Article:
There now follows a detailed description of three illustrative examples of methods according to the invention.
In the first illustrative example, a plain bearing lining was formed on a substrate in the form of a forged steel connecting rod. Specifically, the lining was formed on the interior surface of the big end of the rod which had been roughened by shot-blasting to improve adhesion between the lining and the substrate.
In the first illustrative example, a layer was formed on said surface, the layer comprising a matrix formed from an aluminium-tin-copper alloy (12% by weight tin and 1% by weight copper) this metal having a hardness less than 100 Hv. In the method, particles of the metal in the size range between 40 and 110 microns were supplied to the combustion chamber of a HVOF spray gun which was operated at 35 kilowatts, 190 l/min of oxygen and 60 l/min of propylene fuel. The particles were partially melted and accelerated through the nozzle 26. Relative movement between the nozzle and the surface of the substrate was caused by rotating the substrate around the nozzle so that the spray swept repeatedly across the surface of the substrate at a speed of 15 metres per minute. The nozzle was at a distance of 0.285 metres from the surface. The particles coalesced on the surface and built up a layer 500 μm thick. The illustrative example also comprised machining said layer to form it into a lining.
In the second illustrative example, the first illustrative example was repeated except that the composition of the sprayed particles was varied during the spraying step Initially, a lower stratum 50 microns in thickness was laid down directly on the substrate, the composition of the lower stratum consisting of Al-11Si—Cu alloy. Next, a transitional stratum was applied on top of the lower stratum by altering the composition of the particles in the spray while spraying continued. In the transitional stratum the proportion of Al-1Si—Cu alloy in the composition was gradually reduced and replaced by Al-12Sn—Cu alloy so that, when the transitional stratum was 150 microns thick, the composition was entirely Al-12Sn—Cu alloy. Spraying then continued building up an upper stratum 200 microns thick formed from the Al-12Sn—Cu alloy. Thus, the layer sprayed has a composition which varies at different depths within the layer Machining reduced the thickness of the upper stratum to 50 microns.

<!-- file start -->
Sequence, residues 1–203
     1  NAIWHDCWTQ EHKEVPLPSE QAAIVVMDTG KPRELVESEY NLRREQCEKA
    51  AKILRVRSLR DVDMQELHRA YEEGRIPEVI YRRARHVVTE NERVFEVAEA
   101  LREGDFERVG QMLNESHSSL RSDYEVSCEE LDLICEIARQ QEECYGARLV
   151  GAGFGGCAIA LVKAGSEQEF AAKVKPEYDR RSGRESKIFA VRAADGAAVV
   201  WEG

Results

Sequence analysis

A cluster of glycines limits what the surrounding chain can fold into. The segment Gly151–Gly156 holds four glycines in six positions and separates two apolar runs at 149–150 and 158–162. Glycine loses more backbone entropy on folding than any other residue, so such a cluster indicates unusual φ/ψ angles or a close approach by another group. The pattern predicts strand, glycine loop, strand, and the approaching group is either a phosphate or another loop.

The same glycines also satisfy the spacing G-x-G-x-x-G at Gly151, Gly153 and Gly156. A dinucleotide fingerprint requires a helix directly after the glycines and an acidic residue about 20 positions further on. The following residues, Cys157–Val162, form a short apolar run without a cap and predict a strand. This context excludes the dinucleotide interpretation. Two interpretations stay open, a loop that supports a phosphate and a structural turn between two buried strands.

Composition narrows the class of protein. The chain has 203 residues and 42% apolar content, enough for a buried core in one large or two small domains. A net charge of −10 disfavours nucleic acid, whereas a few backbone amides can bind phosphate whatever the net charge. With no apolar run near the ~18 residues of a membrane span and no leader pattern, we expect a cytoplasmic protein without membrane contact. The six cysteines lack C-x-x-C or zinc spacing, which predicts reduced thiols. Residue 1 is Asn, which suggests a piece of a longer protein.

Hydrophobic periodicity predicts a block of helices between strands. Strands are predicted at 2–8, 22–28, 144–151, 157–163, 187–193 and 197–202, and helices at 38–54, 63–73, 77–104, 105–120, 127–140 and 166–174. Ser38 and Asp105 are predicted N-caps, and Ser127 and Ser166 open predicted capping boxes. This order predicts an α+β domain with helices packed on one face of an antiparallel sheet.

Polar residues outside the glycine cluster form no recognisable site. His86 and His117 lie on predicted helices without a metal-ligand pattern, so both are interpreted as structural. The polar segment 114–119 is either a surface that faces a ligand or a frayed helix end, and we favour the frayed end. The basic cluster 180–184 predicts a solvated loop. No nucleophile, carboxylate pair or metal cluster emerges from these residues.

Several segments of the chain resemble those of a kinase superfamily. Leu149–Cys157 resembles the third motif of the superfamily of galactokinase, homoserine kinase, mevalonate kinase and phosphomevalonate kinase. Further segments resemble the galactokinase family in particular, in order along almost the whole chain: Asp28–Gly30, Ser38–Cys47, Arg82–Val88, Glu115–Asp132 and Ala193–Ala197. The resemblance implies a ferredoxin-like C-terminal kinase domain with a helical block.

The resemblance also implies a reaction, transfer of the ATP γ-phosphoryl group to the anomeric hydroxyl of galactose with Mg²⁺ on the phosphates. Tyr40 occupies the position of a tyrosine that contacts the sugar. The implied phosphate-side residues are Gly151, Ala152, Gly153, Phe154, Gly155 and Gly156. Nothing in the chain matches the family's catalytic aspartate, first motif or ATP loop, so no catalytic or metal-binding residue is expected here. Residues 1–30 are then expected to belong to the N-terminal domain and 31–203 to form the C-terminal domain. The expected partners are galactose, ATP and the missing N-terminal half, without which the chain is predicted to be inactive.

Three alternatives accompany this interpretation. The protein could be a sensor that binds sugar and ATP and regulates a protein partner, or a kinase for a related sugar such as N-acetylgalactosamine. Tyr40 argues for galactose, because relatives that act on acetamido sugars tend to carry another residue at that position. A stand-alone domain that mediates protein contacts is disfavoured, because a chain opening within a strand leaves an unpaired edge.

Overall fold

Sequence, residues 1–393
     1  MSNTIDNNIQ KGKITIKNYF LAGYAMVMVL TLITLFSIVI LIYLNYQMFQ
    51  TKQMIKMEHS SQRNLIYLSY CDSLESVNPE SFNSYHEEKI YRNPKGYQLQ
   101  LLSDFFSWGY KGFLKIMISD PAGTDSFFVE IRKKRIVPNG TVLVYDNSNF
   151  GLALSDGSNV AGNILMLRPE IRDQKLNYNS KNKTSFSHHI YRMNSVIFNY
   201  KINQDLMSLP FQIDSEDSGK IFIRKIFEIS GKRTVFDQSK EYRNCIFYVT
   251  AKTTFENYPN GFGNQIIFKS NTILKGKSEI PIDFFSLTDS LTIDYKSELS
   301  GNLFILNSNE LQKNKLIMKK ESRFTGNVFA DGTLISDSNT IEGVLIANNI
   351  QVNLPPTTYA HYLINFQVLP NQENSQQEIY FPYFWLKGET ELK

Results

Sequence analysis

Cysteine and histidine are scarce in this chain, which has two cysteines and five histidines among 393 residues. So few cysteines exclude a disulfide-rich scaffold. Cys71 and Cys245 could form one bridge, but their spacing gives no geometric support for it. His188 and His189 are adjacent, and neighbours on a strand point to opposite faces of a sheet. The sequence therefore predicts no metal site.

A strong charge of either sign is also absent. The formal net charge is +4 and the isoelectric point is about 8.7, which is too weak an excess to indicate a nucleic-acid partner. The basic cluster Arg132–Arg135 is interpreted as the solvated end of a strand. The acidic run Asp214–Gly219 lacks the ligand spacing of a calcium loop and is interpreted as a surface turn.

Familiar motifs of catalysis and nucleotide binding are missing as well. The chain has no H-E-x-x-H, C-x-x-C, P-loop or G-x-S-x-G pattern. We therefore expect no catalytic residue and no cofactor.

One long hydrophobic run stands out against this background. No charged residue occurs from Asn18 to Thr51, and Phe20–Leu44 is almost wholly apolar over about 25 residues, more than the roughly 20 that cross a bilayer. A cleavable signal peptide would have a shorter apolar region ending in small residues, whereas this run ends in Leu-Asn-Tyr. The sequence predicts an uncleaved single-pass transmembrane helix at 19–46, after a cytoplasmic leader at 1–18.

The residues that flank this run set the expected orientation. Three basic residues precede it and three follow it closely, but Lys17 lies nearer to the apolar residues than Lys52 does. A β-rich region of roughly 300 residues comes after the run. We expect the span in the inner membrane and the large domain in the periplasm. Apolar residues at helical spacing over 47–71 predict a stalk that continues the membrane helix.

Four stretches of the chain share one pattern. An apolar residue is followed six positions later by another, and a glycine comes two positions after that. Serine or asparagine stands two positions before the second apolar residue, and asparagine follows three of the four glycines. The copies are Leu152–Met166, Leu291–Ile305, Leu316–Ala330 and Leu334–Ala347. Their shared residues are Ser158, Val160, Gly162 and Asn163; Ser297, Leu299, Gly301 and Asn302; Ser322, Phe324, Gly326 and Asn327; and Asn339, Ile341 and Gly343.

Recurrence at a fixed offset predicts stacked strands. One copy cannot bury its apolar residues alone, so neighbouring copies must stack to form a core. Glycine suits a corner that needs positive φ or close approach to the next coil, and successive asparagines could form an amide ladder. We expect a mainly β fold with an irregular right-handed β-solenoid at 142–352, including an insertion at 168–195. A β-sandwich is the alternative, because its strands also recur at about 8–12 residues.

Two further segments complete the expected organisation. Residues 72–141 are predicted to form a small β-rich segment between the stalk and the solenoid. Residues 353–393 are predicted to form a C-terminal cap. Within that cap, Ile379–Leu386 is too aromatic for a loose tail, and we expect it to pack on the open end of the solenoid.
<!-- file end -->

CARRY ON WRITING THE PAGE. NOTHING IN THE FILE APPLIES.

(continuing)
In a third example further tests were conducted using aluminium alloy particles as described with respect to the first example but using a liquid fuel comprising paraffin. A typical example with which tests have been conducted utilised a flow rate of 0.31 l/min of paraffin with a flow rate of 829 l/min of oxygen with a stand-off distance of 0.35 m. The deposits made with the liquid fuel possessed lower porosity and lower oxide contents than with gas fuel. Furthermore, deposition rates were higher than with gas fuel. A further apparent advantage of liquid fuel is there is no requirement to dilute the gas fuel/oxygen with nitrogen to prevent overheating of the powder as occurs with gas fuel in the absence of diluent gas such as nitrogen or argon.
Although the three illustrative examples given above utilise aluminium-based alloys for the deposited layers, it would be possible co deposit distinct layers of material at accurately controlled thickness consisting of different s base alloy systems such as for example a relatively strong copper-lead-tin alloy onto a steel substrate then a layer of aluminium or aluminium alloy having a high tin content in the range of 30 to 60 weight % for example. The individual layers themselves may be of graded composition to make best use of the strength and bearing properties at any given level as appropriate.
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|U.S. Classification||428/547, 148/537, 384/912, 428/653, 148/531, 427/383.7, 428/654, 428/553, 427/448, 427/456, 428/610, 428/937, 148/535|
|International Classification||C23C4/00, C23C4/08, C23C4/12|
|Cooperative Classification||F16C33/14, Y10T428/12757, Y10T428/12021, Y10T428/12063, Y10T428/12458, Y10T428/12764, Y10S428/937, Y10S384/912, C23C4/00, F16C2204/22|
|Oct 26, 2000||AS||Assignment|
|Jan 28, 2003||CC||Certificate of correction|
|Jan 9, 2006||FPAY||Fee payment|
Year of fee payment: 4
|Apr 30, 2008||AS||Assignment|
Owner name: MAHLE TECHNOLOGY, INC., MICHIGAN
Free format text: ASSIGNMENT OF ASSIGNORS INTEREST;ASSIGNOR:DANA CORPORATION;REEL/FRAME:020886/0686
Effective date: 20070309
Owner name: MAHLE ENGINE SYSTEMS LTD., UNITED KINGDOM
Free format text: ASSIGNMENT OF ASSIGNORS INTEREST;ASSIGNOR:MAHLE INDUSTRIES, INCORPORATED;REEL/FRAME:020876/0512
Effective date: 20080429
Owner name: MAHLE INDUSTRIES, INCORPORATED, MICHIGAN
Free format text: MERGER;ASSIGNOR:MAHLE TECHNOLOGY, INC.;REEL/FRAME:020876/0441
Effective date: 20071212
|Dec 18, 2009||FPAY||Fee payment|
Year of fee payment: 8
|Dec 23, 2013||FPAY||Fee payment|
Year of fee payment: 12